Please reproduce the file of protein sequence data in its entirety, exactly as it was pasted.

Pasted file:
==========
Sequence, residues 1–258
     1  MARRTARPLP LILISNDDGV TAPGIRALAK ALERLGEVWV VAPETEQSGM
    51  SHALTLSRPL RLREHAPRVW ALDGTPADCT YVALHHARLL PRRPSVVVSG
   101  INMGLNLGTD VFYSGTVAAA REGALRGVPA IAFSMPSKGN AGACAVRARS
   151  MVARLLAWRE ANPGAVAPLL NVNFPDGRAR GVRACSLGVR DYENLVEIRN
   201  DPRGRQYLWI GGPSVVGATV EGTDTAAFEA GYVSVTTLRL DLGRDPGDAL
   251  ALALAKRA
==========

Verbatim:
Sequence, residues 1–258
     1  MARRTARPLP LILISNDDGV TAPGIRALAK ALERLGEVWV VAPETEQSGM
    51  SHALTLSRPL RLREHAPRVW ALDGTPADCT YVALHHARLL PRRPSVVVSG
   101  INMGLNLGTD VFYSGTVAAA REGALRGVPA IAFSMPSKGN AGACAVRARS
   151  MVARLLAWRE ANPGAVAPLL NVNFPDGRAR GVRACSLGVR DYENLVEIRN
   201  DPRGRQYLWI GGPSVVGATV EGTDTAAFEA GYVSVTTLRL DLGRDPGDAL
   251  ALALAKRA